Longjiang Song (龙江颂, Ode to the Dragon River) started out as a spoken drama, but was later changed to Beijing Opera on a socialist theme. It was part of the model works that were produced after 1969. The score gives prominence to traditional instruments. Ode to the Dragon River is typically set in post-1949 China. It focusses on ferreting out "class enemies", i.e. anybody who did not belong the hallowed ranks of the gongnongbing 工农兵, the workers-peasants-soldiers.
This may be the reason that plays such as this one have not seen a renewed popularity in the 1990s and after. Most of the people still feel hurt by their tone and contents.
Kwok-sing Li (editor) & Mary Lok (translator), A Glossary of Political Terms of the People's Republic of China (Hong Kong: The Chinese University Press 1995)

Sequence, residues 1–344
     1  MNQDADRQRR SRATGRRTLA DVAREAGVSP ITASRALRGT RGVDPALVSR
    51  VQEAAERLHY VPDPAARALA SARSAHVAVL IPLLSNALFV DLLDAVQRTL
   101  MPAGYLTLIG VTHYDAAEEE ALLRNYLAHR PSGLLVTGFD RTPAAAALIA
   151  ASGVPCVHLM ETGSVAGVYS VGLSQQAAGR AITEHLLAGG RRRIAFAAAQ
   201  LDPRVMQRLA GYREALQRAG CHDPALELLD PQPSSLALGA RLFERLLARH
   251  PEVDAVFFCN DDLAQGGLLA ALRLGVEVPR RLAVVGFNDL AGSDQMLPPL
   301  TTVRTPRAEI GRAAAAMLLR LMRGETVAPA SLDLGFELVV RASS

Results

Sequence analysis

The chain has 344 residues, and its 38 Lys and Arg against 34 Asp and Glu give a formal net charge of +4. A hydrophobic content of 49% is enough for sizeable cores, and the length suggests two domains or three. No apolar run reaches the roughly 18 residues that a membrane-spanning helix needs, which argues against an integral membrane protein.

Lu Xing, Rethoric of the Chinese Cultural Revolution - The Impact on Chinese Thought, Culture and Communication (Columbia: University of South Carolina Press, 2004)
Sheila Melvin & Jindong Cai, "Nostalgia for the Fruits of Chaos in Chinese Model Operas", The New York Times on the Web, 29 October 2000
Barbara Mittler, To be or not to be - Making and Unmaking the yangbanxi (manuscript in progress)
Roxane Witke, Comrade Chiang Ch'ing (London: Weidenfeld and Nicolson, 1977)